Recent increases in Court Fees have seen them rise to a point at which, for large proportions of the population, the cost of commencing proceedings appears to be unaffordable. In order to provide access to justice and maintain the right to commence proceedings, the Court Fee remission scheme has been extended to provide a reduced liability to pay Court fees to parties to litigation who are not in receipt of Benefits but have income and / or savings below thresholds. Applications for remission from Court Fees may be made up to three months from the payment of a Court fee.
As the Court Fees in many personal injury claims are not funded by the Claimants but instead by their solicitors, there are many cases in which applications for remission from Court Fees are not made. As the Court, when assessing costs, should not allow costs which have been unreasonably incurred, are Court Fees which were paid when the Claimant was entitled to fee remission (and therefore entitled to pay a reduced fee or no fee at all) “reasonably incurred”?
In the recent case of Stoney v Allianz, the Defendant challenged the recoverability of the Court fee claimed in the sum of £455.00. The Claimant’s solicitor accepted that no application for a fee remission was ever made despite the fact that the Claimant was unemployed and therefore was probably eligible for a fee remission. The firm’s explanation for this was that the solicitors’ firm would fund all disbursements, including Court Fees, on the Claimants’ behalf and they would not seek recovery from their clients provided that the clients had bought an After The Event Insurance policy which would reimburse disbursements. The Defendant, on the other hand, contended that the Court Fee was unreasonably incurred because the Claimant would have been entitled to a fee remission and could have avoided paying the Court Fee.
The Judge concluded that the Claimant was entitled to a full remission of the Court Fee, enabling him to pay no fee on commencing proceedings, and that the Claimant’s failure to complete the remission form meant that the disbursement was unreasonably incurred and not recoverable from the Defendant.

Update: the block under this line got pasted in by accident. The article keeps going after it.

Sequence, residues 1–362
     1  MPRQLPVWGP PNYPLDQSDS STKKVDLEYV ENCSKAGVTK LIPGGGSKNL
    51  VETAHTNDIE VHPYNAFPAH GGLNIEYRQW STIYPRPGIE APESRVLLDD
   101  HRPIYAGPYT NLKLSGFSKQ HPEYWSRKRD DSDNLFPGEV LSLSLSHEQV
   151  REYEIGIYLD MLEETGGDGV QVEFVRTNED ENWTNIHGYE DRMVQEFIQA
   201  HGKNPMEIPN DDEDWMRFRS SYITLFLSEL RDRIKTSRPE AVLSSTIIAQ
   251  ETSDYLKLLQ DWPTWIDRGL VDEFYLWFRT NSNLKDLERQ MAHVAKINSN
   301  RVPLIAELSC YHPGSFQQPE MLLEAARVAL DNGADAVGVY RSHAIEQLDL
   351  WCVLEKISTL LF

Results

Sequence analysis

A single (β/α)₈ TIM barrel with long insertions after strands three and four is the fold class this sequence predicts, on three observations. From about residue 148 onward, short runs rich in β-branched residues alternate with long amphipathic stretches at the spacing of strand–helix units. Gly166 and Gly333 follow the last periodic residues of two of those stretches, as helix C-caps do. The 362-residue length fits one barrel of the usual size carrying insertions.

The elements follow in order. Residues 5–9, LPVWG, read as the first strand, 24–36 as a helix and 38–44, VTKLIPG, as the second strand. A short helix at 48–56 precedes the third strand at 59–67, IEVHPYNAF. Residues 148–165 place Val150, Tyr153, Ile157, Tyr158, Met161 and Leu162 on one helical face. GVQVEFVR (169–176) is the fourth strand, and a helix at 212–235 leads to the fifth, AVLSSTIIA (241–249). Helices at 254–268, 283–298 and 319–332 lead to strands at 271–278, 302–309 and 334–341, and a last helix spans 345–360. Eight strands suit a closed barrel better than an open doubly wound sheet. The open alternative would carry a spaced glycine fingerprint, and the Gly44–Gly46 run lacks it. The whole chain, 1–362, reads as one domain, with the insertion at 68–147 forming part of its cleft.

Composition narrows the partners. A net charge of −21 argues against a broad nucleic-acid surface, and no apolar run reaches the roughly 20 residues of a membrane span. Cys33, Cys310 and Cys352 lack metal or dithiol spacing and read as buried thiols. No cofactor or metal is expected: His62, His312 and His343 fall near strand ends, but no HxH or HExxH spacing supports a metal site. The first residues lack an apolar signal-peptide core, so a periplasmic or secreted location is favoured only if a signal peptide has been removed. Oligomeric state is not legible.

Whilst a first instance decision in the County Court, the findings of District Judge Jenkinson are a reminder that Claimants should consider carefully whether they are entitled to a fee remission either in whole or in part, and if so, should apply for fee remission.
A contrasting view was taken in the case of Cook v Malcolm Nicholls Services in April 2019. In that case, the Defendant sought to overturn a decision on a provisional assessment that the Defendant should pay the Court fees of £10,000.00; the Defendants argued that the Claimant should have sought a fee remission. Deputy District Judge Jones rejected the arguments raised and maintained that the Court Fee of £10,000.00, having been paid, was recoverable.
Both decisions were made by District Judges and therefore are not binding on other Judges. Where solicitors have paid Court Fees on behalf of their clients, as is common in practice, it remains unclear whether a failure to seek remission from fees will cause the Court Fee to have been incurred unreasonably, although in practice we find that many solicitors withdraw the claim for a Court Fee when challenged on this point, When seeking to challenge the recoverability of a Court Fee, careful consideration will need to be given to the merit of that challenge and the likelihood of it succeeding.